Several years ago, I used to wait tables at a sushi bar. Every once in a while, the chef would allow me into the kitchen when he needed an extra hand with prep work, which usually involved holding a fine mesh screen over a bowl while he extruded something through it, or locating an item for him in the freezer. Although these tasks were mundane, I still loved being in the kitchen during that time of day when it was still quiet and serene, and before that atmosphere was transformed into a symphony of clanging pots, endless puffs of steam and hands moving quickly to produce plate after plate of Japanese dishes.One day, during prep in the early afternoon, the chef was assembling gyozas, and asked if I wanted to try to make one. As I picked up one of the dumplings, he showed me how to fold it, and how to make the crimping along the edges, pinching them at exact intervals on each side so they looked perfect. Assembling these gyozas this past weekend brought back that nice memory of sitting with him briefly in the kitchen that day while it was still quiet, making pretty things together for others to taste and enjoy.
for the gyoza
1 large sweet potato, scrubbed and peeled
2 TB peanut oil
3-4 lemongrass hearts, chopped
1 large shallot, sliced thinly
1/2 fresh cilantro, chopped
1/8 cup peanuts, roughly chopped
vegan dumpling wrappers (I used square, but round is fine too)
1 tsp ground flax seeds (I used a coffee grinder), mixed with 5 TB flax milk
for the sauce
1/4 cup mirin
2 TB soy sauce
1 tsp vinegar
1 tsp sugar
1 tsp to 1 TB sriracha
red pepper flakes
Chop the sweet potato into small, dice-sized pieces. Bring plenty of water to boil in a medium-sized pot, add the potatoes, salt and a bit of oil and boil, uncovered, for 12-15 minutes. Drain, mash and set aside.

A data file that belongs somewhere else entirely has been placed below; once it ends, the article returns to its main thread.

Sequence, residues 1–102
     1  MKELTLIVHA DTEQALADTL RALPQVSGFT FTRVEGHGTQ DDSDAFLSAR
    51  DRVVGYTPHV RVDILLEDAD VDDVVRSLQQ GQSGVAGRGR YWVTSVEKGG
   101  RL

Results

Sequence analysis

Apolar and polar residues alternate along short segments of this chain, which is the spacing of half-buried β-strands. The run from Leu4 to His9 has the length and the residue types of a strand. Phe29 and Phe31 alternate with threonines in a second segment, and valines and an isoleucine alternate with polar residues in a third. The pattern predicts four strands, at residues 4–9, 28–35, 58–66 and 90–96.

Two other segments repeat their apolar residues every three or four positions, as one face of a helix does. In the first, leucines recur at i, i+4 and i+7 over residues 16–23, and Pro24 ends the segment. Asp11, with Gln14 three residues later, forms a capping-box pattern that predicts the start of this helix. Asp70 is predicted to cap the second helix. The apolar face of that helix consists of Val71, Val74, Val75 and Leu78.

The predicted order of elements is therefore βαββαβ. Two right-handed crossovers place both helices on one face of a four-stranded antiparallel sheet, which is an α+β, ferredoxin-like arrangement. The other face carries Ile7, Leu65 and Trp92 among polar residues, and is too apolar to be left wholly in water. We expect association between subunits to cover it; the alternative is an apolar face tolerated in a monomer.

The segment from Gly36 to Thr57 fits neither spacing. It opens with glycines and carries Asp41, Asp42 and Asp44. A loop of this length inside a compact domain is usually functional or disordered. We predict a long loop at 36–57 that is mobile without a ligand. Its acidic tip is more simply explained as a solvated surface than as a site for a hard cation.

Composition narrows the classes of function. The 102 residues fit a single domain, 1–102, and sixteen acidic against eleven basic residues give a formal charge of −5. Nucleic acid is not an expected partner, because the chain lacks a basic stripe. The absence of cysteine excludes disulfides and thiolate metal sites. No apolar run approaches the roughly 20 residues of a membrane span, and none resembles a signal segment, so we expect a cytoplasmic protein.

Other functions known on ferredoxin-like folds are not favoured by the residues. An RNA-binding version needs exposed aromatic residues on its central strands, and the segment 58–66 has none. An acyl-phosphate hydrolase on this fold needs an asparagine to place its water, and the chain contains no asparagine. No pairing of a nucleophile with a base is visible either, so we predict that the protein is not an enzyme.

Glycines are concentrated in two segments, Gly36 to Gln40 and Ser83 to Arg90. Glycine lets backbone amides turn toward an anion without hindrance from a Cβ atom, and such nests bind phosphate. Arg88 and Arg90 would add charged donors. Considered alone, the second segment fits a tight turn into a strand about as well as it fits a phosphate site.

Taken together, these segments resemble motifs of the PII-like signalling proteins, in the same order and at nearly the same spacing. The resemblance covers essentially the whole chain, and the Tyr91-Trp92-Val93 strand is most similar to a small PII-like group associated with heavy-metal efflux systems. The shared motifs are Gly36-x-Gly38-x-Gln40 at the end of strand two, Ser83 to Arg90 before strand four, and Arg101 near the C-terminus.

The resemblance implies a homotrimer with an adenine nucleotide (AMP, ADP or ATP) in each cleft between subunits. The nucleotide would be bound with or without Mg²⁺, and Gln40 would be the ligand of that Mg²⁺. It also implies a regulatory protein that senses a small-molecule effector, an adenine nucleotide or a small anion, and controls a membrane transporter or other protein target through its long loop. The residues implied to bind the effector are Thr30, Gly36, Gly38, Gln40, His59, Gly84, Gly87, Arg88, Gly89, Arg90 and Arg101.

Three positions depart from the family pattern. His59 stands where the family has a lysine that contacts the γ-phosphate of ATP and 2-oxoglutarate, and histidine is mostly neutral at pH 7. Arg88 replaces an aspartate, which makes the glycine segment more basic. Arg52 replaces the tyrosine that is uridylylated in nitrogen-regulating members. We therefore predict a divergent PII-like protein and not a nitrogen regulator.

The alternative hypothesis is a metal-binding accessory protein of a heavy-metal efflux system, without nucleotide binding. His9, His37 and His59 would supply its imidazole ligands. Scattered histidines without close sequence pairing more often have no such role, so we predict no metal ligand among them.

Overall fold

In a small saucepan, saute the lemongrass hearts and shallots in the peanut oil for 3-4 minutes over medium heat. Transfer to the sweet potato mash and combine well. Add in the peanuts and chopped cilantro and allow to cool for about 10 minutes.
To assemble the gyozas, lay one wonton skin on a flat surface. Dip your finger into the flax seed/milk mixture and run it along both ends of the wrapper to help create a seal. Then place 1 tsp of the sweet potato mixture into the center of the wrapper. Fold the wonton into a triangle shape and run your finger along both edges to seal it. Then, pinch the edges together to create a crimped shape along the edges. Lay the assembled gyoza on a slightly oiled cookie sheet while you prepare the rest of the gyozas.
Once they are all assembled, heat some oil in a medium-sized frying pan over medium-high heat. Let the pan heat up very well, about 4-5 minutes. Gently place the gyoza in a single layer in the pan, taking care to watch for any oil splashes. Let them sit in the pan for 3-4 minutes, or until well-browned on one side. Take 1/4 cup water and slowly pour it into the pan. It will violently sizzle. Cover immediately, and reduce the heat to low. Allow it to steam for an additional 5-7 minutes. Transfer back onto the cookie sheet to cool, and repeat the process until all of the gyozas have been cooked through.
To make the sauce, whisk together all of the sauce ingredients. These can be served warm, room temperature or cold.